There’s no doubt about it, Americans are dependent on their mobile phones, sometimes to the point of rudeness. It’s bad enough when we’re subjected to poor cell phone etiquette in our personal lives, but it borders on intolerable when this misbehavior extends to a business setting. That’s why small business owners should establish rules for mobile phone usage for both themselves and their employees.
Be forewarned, however, that it may not be easy since Americans have become increasingly dependent on the constant connectivity their smartphones provide. The 2012 Mobile Mindset Study by Lookout™ reports that 58 percent of users say they don’t go an hour without checking their phone (that figure rises to 68 percent in the 18 to 34 age group). Breaking simple rules of etiquette has become commonplace among many cell phone users (30 percent admit they check their phones while dining with others), as has risk taking (24 percent say they check their phones while driving). And a whopping 94 percent are concerned about losing their phone, a condition known as nomophobia.
So, where do you begin to establish mobile phone etiquette rules for your small business? Consider how you conduct business. Do you run a retail establishment or are you a service provider? Do you have frequent meetings with vendors or clients, or are you more concerned about the way your employees use (or don’t use) their phones while on the job? Establishing common sense rules that apply to your own unique situation is the best way to ensure that they are followed.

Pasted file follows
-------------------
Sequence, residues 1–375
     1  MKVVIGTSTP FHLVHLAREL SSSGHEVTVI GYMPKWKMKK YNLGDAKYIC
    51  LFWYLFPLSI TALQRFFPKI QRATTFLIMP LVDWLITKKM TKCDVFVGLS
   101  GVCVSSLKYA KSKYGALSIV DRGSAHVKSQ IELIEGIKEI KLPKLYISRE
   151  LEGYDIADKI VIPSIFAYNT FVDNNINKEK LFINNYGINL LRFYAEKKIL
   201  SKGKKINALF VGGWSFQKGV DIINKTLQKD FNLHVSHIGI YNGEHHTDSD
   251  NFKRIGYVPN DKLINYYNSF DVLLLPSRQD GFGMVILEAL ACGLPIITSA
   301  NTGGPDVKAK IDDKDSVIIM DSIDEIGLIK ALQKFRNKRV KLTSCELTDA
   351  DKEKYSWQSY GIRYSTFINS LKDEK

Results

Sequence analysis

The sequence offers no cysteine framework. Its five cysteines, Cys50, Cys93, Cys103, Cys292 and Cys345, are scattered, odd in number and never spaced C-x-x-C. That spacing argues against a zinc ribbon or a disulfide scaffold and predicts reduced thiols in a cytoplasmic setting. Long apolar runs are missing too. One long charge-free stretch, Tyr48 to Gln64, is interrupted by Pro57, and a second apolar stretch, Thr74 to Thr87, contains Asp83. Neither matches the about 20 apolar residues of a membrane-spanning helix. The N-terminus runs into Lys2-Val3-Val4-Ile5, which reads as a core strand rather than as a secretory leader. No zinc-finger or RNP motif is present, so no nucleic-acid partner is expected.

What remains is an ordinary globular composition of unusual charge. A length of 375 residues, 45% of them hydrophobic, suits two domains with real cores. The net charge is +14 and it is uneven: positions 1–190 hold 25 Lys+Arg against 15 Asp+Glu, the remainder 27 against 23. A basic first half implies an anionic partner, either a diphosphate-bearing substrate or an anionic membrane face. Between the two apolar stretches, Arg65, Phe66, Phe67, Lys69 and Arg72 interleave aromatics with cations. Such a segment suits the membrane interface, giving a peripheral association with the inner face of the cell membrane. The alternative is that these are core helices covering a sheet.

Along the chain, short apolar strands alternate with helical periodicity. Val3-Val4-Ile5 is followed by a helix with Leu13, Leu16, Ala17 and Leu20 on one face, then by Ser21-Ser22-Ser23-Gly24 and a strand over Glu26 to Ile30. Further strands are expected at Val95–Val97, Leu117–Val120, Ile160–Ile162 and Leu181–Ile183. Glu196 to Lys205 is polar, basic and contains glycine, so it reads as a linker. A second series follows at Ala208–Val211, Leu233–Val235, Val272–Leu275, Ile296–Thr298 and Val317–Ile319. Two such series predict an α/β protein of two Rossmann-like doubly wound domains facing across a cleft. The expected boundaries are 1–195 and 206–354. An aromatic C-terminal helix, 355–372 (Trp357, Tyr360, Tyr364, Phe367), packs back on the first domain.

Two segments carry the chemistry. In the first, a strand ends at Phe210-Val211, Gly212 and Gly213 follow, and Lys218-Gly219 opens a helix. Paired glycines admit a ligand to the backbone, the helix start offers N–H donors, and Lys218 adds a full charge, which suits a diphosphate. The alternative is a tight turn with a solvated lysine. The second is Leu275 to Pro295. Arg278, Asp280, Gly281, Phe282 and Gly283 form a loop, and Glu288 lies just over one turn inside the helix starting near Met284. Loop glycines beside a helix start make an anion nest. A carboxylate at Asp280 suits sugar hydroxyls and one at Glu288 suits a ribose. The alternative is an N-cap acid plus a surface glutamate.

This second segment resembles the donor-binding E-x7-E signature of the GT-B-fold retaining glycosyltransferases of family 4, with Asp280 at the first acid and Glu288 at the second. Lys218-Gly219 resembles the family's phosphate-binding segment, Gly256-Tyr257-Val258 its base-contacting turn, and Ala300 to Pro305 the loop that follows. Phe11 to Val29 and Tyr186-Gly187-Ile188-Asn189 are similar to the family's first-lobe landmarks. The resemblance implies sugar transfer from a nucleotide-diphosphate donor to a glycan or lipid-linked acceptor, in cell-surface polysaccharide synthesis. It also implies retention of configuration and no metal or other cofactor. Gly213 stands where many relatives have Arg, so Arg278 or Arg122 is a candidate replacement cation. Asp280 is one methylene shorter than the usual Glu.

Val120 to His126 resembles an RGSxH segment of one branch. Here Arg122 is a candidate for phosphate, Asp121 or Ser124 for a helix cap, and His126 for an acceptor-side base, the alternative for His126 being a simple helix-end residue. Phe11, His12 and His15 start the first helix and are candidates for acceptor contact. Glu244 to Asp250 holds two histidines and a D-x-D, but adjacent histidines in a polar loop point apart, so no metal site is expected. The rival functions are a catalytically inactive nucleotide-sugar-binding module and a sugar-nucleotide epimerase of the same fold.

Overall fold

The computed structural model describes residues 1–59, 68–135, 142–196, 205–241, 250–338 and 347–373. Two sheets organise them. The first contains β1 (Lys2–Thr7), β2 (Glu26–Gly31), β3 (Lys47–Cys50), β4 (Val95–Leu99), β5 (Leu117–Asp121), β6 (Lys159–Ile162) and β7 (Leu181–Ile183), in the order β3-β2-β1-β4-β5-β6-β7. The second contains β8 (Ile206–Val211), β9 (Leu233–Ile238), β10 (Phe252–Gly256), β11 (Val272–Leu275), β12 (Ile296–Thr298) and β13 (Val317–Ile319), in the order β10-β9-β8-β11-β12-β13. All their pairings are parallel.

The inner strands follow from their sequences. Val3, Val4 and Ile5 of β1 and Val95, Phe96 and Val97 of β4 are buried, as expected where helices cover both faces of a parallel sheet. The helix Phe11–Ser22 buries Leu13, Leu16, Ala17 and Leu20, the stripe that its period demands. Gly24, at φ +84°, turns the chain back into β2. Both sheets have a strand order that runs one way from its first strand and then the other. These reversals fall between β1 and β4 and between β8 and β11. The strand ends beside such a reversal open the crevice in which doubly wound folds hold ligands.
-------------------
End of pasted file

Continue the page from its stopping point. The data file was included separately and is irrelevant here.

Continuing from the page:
Here are 10 ideas to get you started:
1. All cell phone conversations should be brief and to the point. Use them as a business tool, not a diversion from the work at hand.
2. Silence your phone during meetings, whether they’re with clients, customers or staff. Either turn it off or use the mute/vibrate mode, and then put the phone away so it’s not a distraction.
3. Remove your hands-free headset in face-to-face situations so it’s not a distraction to others in the group and as an indication that they have your undivided attention.
4. Fight the urge to check your messages while with others. Your attention should be with them, not on your texts and emails. There are very few messages that cannot wait a few minutes for a response.
5. Don’t use your phone as a timepiece. Slap a watch on your wrist instead if knowing the time is crucial to your schedule.
6. Adopt the 10-foot rule. That is, keep at least that distance from anyone else when you’re on your phone to make it less likely that they’ll be privy to a conversation they’d rather not (or should not) hear.
7. Don’t conduct phone conversations in public spaces, particularly where quiet or privacy is expected or requested. This includes libraries, hospitals, theaters, a doctor’s waiting room, auditoriums, places of worship and restaurants.
8. Choose your ring tone carefully. Raucous, loud or annoying tunes and tones most likely do not reflect the professional persona you are hoping to project. Choose one that does and use it.
9. Do not take a call on your personal mobile during a business meeting. These are the moments for which voicemail was invented.
10. Make your workplace a “mobile phone-free” zone, if necessary. If your business is conducted in an office environment, it makes sense to expect employees to take or make personal calls in a designated area of the building or outside so as not to disturb their coworkers.
If cell phone calls have become more of a hindrance than a help on your small business jobsite, it’s time for you to take the situation in hand and rectify it. After all, it is your prerogative as the boss!
About the Author: Beth Longware Duff writes about merchant services for small businesses, including iphone credit card processing.